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Nelson Mandela: A life in pictures
Nelson Mandela and his wife Winnie in this undated file picture.
In news that should surprise absolutely no one, Justin Bieber is not the greatest human being ever. “CSI’s” Marg Helgenberger, who co-starred with Justin when he made his now infamous cameos on the CBS show, offered this insight on the multi-platinum bundle of joy: “I probably shouldn’t say this, but he was kind of a brat,” she said in an interview with the French radio show “Le Grand.”
But wait, that’s not fair, Marg. Do you have examples to back up your claim? She does.
“He locked one of the producers in a closet,” she added. “And he put his fist through a cake that was on the craft services table.”
Yes, that’s right. Justin Bieber punched a craft services cake. It’s fun to try to imagine the scene that preceded that incident, so that’s exactly what I did.
Justin Bieber: Cake-puncher
Justin Bieber rolled up to the soundstage of “CSI: Crime Scene Investigation” and surveyed his domain. It was dope, but was it dope enough? Juss-Juss didn’t think so. Juss-Juss was what Justin Bieber called himself in his head, because he was a child.
“I AM CRANKY!” said Juss-Juss as he toddled onto the set where he was filming a critical scene, one in which his character, Jason McCann, gave a cryptic clue to Marg Helgenberger’s Catherine Willows about the whereabouts of a bomb. He stuck his tongue out at his new costar. “My name is Justin and I like purple,” he said with a giggle.
“Hi. Justin? It’s nice to … meet you?” said Marg. The lady’s voice kept going up at the end of sentences, and her eyebrows were all crinkly. Justin knew that face: That was the face his mom made whenever she was mad at him, or confused, or when she was praying to God to get rid of his Jewish manager, Scooter Braun. Justin hated that look more than he hated abortions. One thing Justin didn’t hate, though, was cake.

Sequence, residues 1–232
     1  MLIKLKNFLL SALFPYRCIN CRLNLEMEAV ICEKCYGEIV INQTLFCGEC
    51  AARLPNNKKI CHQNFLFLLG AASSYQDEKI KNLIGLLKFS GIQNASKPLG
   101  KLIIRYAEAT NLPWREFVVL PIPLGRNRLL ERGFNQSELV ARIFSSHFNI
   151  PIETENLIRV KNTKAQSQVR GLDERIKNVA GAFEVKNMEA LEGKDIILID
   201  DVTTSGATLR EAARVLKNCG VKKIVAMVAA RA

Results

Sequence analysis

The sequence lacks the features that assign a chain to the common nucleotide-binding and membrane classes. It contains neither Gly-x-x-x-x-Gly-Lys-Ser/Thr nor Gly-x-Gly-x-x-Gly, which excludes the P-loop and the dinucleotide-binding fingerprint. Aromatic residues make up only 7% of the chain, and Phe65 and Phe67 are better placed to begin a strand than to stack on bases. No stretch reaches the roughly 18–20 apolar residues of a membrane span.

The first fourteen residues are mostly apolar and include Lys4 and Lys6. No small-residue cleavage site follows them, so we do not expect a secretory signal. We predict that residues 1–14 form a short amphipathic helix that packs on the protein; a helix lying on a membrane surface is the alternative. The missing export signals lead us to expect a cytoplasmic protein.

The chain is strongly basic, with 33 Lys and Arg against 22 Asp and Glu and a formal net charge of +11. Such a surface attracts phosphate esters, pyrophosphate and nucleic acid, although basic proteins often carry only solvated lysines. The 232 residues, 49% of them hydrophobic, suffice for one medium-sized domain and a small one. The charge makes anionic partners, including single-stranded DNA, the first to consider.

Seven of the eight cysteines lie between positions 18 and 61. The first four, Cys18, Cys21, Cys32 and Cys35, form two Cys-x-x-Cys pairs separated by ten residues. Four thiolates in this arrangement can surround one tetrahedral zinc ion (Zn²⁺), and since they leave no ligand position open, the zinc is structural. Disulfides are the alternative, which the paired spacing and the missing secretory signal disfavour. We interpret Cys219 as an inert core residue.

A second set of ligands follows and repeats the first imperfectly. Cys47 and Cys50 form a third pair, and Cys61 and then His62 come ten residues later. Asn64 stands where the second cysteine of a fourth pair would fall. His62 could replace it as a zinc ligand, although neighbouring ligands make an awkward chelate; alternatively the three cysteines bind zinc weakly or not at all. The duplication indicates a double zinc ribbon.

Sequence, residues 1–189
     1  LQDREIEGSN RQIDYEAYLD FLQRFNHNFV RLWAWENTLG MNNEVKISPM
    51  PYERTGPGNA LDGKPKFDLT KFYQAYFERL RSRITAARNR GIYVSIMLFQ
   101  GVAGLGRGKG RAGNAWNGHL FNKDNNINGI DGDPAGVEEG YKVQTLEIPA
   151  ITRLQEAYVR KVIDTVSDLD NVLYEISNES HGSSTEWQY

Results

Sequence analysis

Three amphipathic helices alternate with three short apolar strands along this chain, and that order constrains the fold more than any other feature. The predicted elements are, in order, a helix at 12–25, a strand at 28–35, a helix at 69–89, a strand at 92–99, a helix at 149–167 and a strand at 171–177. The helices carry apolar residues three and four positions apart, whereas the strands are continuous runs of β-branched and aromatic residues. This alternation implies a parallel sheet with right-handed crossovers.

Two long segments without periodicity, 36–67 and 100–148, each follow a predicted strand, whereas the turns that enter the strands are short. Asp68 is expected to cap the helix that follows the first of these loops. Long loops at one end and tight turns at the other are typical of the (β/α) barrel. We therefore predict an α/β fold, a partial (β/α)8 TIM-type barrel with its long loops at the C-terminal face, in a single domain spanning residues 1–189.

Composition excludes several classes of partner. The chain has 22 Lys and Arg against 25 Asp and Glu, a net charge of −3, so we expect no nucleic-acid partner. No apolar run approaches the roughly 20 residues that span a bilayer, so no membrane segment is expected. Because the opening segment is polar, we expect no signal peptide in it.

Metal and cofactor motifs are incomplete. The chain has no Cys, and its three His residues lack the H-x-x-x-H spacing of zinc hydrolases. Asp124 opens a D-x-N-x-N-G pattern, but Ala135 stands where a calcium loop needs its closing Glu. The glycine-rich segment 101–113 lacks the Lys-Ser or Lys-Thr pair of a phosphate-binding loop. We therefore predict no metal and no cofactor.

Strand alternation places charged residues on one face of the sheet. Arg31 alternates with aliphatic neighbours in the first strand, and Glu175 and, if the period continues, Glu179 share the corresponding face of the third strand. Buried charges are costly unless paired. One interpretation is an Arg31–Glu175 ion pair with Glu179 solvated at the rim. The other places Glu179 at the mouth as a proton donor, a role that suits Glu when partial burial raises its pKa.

“OK, and action!” yelled the director.
“I want cake,” said Justin Bieber.
“No, Justin, your line is, ‘I’ll tell you where the bomb is over my dead body!’” said the director, who really only wanted to wrap up this shoot so he could go home and swim in his pool of wet 100 dollar bills. “And, action!”
“I WANT CAKE!” said Justin, louder. Naren Shankar and Carol Mendelsohn,
“CSI: Crime Scene Investigation’s” executive producers, eyed each other warily. Both Justin Bieber’s mom and his handler had warned the crew that Justin liked to “prank” people, but they had mentioned nothing of him having the mental capacity of a 7-year-old. “Maybe this was all a long-con in Justin’s game,” thought Naren. “Maybe Ashton Kutcher is punching me!” thought Carol, who still thought “Punk’d” was on the air four years after MTV pulled it. She also believed that the title of the show was “Punched.”
“Can someone find this kid his Adderall prescription??” shouted the director, who didn’t have time for this crap. But Justin (Juss-Juss) had already wandered away from the set in search of cake. He walked by the craft services table, and his stomach rumbled. Sitting precariously on a Lazy Susan was a giant, five-tier wedding cake. Don’t ask why, “CSI” just has a good deal going with a bakery down the street. Justin grabbed a fistful right as Marg and the producers rushed over and greedily shoved it into his mouth.
“Justin, no! Bad boy! Put that down!” shouted Marg, afraid of what the extra sugar rush would do to the overstimulated tween. But Juss-Juss hadn’t listened to a grown-up for years, not since his swagger coach Ryan Good started telling him that if he wanted to get the ladies, he needed to prove that he was the biggest, baddest dude out there.
“Get the ladies what?” Justin had once asked his swagger coach, but Ryan just laughed and told him that he would learn someday. So for now, Justin was content with cramming his oily face with hand-size chunks of wedding cake.His eyes were beginning to glaze over in a way nobody on set liked.